ORLANDO, Fla. (AP) — Police offered stress counseling and debriefing Wednesday to the SWAT team and other officers who witnessed the nightclub carnage, as the FBI tried to reconstruct the killer's movements and figure out what role his wife may have played in the plot.
A long procession of memorials and funerals for the 49 killed in Sunday's shooting rampage began, with drag queens and motorcyclists turning out to pay their respects at a visitation for Javier Jorge-Reyes, a salesman, makeup artist and hair stylist.
The FBI said it is still gathering evidence at the Pulse and analyzing cellphone location data to piece together Omar Mateen's activities leading up to the massacre, while also interviewing people who had any dealings with him. The FBI urged anyone with any information about the gunman to contact the bureau.
"We need your help in developing the most complete picture of what he did and why he did it," FBI agent Ron Hopper said.
On Saturday night, hours before the rampage, Mateen visited Disney Springs, an outdoor restaurant, retail and entertainment complex at Walt Disney World, an official who was briefed on the case but insisted on anonymity to discuss the continuing investigation told The Associated Press.
The official said it is not clear what Mateen was up to.
The three-hour rampage at the gay nightclub began at 2 a.m. Sunday and ended with the 29-year-old American-born Muslim being killed by a police SWAT team.
Members of the SWAT team underwent a stress-management debriefing Wednesday, as hundreds of others involved in the response to the shooting have done, Orlando Police Chief John Mina said. Further counseling is being made available.
"These are some of the bravest toughest men I know," Mina said. "No one can prepare you for what those officers encountered that night. They stood toe-to-toe and went face-to-face with a mass murderer, and I'm extremely proud of that."
A key topic for investigators is how much Mateen's Palestinian-American wife may have known about the plot.
An official who was briefed on the case but insisted on anonymity to discuss a continuing investigation said authorities believe 30-year-old U.S.-born Noor Salman knew ahead of time about the attack.
Investigators have spoken extensively with her and are working to establish whether she recently accompanied Mateen to the club, said a second official who was not authorized to discuss the case publicly.
At a news conference Wednesday, U.S. Attorney Lee Bentley repeatedly refused to say whether charges might be brought against the wife or anyone else. He said authorities are talking to hundreds of people and investigating everyone associated with Mateen, including family, friends and business associates.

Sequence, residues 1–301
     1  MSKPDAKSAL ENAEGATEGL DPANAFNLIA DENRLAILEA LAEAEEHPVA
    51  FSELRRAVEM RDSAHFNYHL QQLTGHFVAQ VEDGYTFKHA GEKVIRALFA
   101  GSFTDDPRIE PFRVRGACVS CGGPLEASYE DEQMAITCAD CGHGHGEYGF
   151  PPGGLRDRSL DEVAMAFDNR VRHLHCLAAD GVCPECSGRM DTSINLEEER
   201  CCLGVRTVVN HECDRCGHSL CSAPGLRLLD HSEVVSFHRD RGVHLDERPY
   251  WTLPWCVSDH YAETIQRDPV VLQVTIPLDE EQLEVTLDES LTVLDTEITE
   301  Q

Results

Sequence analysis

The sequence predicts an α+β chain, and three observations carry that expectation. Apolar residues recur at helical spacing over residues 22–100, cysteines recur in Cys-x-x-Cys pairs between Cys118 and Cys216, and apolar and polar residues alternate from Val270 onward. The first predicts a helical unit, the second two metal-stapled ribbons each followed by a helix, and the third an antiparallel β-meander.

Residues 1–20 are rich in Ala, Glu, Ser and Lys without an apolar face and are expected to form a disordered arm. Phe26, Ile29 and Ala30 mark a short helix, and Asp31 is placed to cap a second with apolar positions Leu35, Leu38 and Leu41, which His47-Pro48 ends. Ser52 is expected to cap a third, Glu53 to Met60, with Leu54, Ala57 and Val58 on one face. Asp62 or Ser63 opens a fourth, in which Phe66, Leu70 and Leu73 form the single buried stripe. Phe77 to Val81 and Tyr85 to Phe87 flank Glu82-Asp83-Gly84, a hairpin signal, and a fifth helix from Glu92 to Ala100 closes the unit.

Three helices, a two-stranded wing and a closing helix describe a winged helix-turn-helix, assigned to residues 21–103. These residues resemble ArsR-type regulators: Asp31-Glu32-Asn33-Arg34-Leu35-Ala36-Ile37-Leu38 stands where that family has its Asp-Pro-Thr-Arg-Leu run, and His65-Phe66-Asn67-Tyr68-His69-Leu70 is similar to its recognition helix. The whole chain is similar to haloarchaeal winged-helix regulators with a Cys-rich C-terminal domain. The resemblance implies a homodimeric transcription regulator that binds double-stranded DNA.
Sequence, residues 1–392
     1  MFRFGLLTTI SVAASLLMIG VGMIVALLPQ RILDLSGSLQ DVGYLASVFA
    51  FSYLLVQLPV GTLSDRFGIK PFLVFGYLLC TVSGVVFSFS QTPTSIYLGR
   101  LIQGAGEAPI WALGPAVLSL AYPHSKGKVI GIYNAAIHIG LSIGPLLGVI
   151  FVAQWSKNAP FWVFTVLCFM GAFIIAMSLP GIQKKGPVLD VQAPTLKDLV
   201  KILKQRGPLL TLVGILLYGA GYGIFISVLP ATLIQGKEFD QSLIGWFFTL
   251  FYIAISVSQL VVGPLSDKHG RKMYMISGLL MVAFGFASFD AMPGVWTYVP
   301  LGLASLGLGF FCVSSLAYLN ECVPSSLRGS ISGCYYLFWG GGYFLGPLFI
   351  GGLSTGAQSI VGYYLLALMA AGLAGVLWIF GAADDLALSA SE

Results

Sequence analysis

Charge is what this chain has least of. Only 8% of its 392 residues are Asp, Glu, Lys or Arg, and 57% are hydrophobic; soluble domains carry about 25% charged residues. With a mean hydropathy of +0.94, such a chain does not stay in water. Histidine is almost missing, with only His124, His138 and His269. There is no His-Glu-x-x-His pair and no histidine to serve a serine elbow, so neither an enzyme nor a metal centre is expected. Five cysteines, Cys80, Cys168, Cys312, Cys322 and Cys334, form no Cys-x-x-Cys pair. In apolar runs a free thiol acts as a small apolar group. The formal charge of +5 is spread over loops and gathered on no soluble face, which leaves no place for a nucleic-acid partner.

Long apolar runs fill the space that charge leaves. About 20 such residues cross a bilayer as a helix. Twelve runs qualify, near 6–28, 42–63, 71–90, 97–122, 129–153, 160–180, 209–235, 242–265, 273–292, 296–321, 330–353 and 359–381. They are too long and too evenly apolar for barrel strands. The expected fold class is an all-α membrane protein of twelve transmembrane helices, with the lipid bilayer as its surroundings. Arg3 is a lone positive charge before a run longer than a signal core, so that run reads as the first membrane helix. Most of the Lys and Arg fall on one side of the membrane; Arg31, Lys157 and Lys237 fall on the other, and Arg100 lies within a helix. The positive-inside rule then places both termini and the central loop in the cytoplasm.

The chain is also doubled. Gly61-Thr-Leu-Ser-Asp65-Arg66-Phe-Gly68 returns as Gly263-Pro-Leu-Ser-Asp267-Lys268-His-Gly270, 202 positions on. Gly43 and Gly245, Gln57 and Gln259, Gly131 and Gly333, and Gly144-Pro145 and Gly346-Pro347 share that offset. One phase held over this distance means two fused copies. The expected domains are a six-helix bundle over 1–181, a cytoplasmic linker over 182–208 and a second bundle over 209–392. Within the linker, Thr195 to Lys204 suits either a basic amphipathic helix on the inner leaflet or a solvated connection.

Salman has been in seclusion for days.
Mateen called 911 during the attack to claim allegiance to the Islamic State group, but exactly what was going through his head could prove more complicated, with his ex-wife saying he was mentally ill, his father suggesting he hated gays, and some Pulse patrons reporting that he was a regular at the club and used gay dating apps.
In other developments:
— Florida documents obtained by The Associated Press under open-records laws show that Mateen passed a psychological evaluation in 2007 as part of his application to be a security guard. The records say he took a written psychological test or was evaluated by a psychologist or psychiatrist.
— Orlando TV producer Matt Gentili of CFN 13 said Mateen called during his standoff to say he was doing it for the Islamic State. The station's managing editor traced the call back to a number associated with Mateen, according to NY 1 News, CFN 13's sister operation in New York. The FBI's Hopper declined to comment on calls Mateen made during the rampage.
— A newly unearthed clip from a film documentary about the 2010 BP oil spill in the Gulf of Mexico shows Mateen — then working security for the cleanup — talking cynically about people making money off disasters.
The excerpt from 2012's "The Big Fix" shows Mateen telling a woman that everyone is "hoping for more oil to come out and more people to complain so they'll have the jobs." Security firm G4S confirmed that it's Mateen, saying he was stationed in Pensacola in 2010 to assist with cleanup.
At the funeral-parlor visitation for 40-year-old Jorge-Reyes, Tiffany Clark recalled how he used to come to her home to cut her 7-year-old son JonJon's hair.
"My son doesn't understand why he's gone. My son has autism, and it's hard to explain to a baby why they're not here. ... All he knows is love," she said. Breaking down in tears, she said Jorge-Reyes was "very loving. Kind. Kindhearted."
The medical examiner began releasing bodies to families on Tuesday. Orlando Mayor Buddy Dyer offered victims' families the opportunity to have the 49 victims buried together at a city cemetery.
An assistance center for victims' families was opened at a stadium to help with grief counseling, funeral arrangements, transportation and other needs.
Associated Press writers Eric Tucker and Jack Gillum in Washington; Michael R. Sisak in Philadelphia; Jay Reeves, Allen G. Breed and Tamara Lush in Orlando; and Holbrook Mohr in Port St. Lucie, Florida, contributed to this report.